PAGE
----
Don’t Think The Performance Reviews are Accurate? Crowdsource!

April 28, 20157:45 am1113 views

Forty-five percent of human resources (HR) leaders don’t think annual performance reviews are an accurate appraisal for employees’ work. Also, 42 percent don’t think employees are rewarded fairly for their job performance.

These stats, from a survey by Globoforce and the Society for Human Resource Management (SHRM), show that HR has lost confidence in the traditional review process. Most people know that employees dread annual reviews, but when nearly half of HR professionals agree, it is clear we need a new approach to how employee performance is measured and evaluated.

The debate around the effectiveness of annual performance reviews has surged in recent years, as managers criticise the inflexibility and infrequency of a formal, forced process. It is an industry awakening to a system that is no longer effective on its own for the way companies and people are managed today.

For example, managers are tasked with using only their own observations and analysis to appraise employees, yet many don’t have the tools to record pertinent events as they happen.

No matter the grievance, the effect is largely the same: managers lack the insight into employee performance to make traditional performance management processes work most effectively. But we are on the cusp of a major change that uses the power of social to fundamentally shift from a traditional, top-down management hierarchy to a new bottom-up approach.

Enter the wisdom of crowds (i.e.crowdsourcing). A group of independently deciding individuals is more likely to make better decisions and more accurate observations than those of an individual.

Crowdsourcing, by leveraging social recognition data, is a better way for managers to collect, evaluate and share information on employee performance. In many leading organisations, it is already redefining performance management and transforming all of HR.

Many of us already use crowdsourcing for idea generation and problem solving, but consider the power it has to change the way we manage our employees and organisational culture.

By capturing input from many stakeholders we are able to extend performance evaluations beyond a single point of failure. We can reveal how employees are truly performing and influencing others in the organisation.

Why is it more effective?

It is organic and in real time. Recognition is something that comes naturally to employees — they want to recognise their peers for great work. When the crowdsourcing concept is applied this way, co-workers and peers can identify and reward desired behaviors and cultural attributes through unsolicited recognition, as they happen.

Unlike 360 degree reviews, which require specific colleagues to provide a formal, forced review of an individual, crowdsourcing is inspired peer-to-peer performance feedback. This stream of recognition, which often appears in internal social newsfeeds, provides timely, measurable insights into your talent, top influencers and performers.

Here are five ways crowdsourced feedback and recognition can help business leaders and managers:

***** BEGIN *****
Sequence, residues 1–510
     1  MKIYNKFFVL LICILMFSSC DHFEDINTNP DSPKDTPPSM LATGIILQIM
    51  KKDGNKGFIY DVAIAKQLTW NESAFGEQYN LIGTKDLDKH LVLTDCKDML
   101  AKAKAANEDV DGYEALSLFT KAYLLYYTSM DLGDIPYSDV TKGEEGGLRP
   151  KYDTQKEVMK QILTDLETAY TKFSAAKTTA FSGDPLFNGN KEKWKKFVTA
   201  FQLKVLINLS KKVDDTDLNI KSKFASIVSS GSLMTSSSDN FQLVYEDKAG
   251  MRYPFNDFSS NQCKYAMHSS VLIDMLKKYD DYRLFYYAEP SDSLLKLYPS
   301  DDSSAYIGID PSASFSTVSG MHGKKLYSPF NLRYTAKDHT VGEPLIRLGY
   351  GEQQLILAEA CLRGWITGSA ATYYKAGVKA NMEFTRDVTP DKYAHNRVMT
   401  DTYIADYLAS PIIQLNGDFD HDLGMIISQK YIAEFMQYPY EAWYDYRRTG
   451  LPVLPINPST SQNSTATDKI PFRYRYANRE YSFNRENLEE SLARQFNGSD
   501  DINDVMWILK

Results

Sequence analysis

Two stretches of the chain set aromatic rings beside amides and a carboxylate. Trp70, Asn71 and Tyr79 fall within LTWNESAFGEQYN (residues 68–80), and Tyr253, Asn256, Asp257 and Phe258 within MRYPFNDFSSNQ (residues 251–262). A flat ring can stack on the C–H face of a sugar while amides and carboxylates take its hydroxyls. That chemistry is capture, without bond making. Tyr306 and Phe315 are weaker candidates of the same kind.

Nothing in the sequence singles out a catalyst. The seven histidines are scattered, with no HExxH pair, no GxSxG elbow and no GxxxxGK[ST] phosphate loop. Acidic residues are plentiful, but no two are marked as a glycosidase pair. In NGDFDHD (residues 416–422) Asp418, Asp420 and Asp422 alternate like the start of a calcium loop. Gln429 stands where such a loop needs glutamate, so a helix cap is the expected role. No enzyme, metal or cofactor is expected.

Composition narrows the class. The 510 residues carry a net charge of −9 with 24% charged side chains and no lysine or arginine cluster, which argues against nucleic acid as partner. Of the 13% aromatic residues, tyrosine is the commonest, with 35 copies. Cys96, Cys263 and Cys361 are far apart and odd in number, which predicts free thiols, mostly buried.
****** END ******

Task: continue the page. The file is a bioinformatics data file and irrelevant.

1. Capture achievements throughout the year. With social recognition, individual and team achievements and successes are captured at the moment they happen throughout the year. Employees better understand what performance is desired on an on-going basis while managers can see first-hand an employee’s true performance, behaviors and influence.
  2. Widen the input circle beyond a single point of failure. By leveraging feedback from across the organisation, managers can expand the singular viewpoint of traditional performance reviews to include positive feedback from co-workers and peers alike. These ongoing reviews provide a more accurate collection for how individuals are performing within teams and across departments.
  3. Use inspiration, not obligation. Social recognition is the epitome of effective reviews: they are truly inspired, not forced by antiquated performance review processes. When peers give reviews of each other via recognition, it is due to the strong performance they witness. It is a purer performance evaluation and not diluted by a check-box mindset.
  4. Expand accountability for reputations and careers. By incorporating feedback from peers across the company, you lessen errors for how an employee’s performance and career is judged and nurtured. For most companies, the performance review is an anchor for documentation. By rounding it out with recognition, you are creating a more complete assessment around employees’ reputation and work performance.
  5. Empower employees to create a performance mosaic. With relationships and workflows extending beyond immediate teams and divisions, management and HR can create a performance mosaic to appraise true company performance. This social graph of the true performance of individuals and teams develops as employees and peers recognise one another.

When looking for better performance management processes and outcomes, look to the collective intelligence of your enterprise. Armed with the wisdom of the crowds, managers can leverage crowdsourced recognition and feedback for more effective appraisals, talent development, succession planning and even flight risk assessment.

How does your organisation evaluate talent? Do you think widening input would provide valuable insight? If yes, try crowdsource.

See: Handling Team Dysfunction

The original article first appeared on Harvard Business Review.

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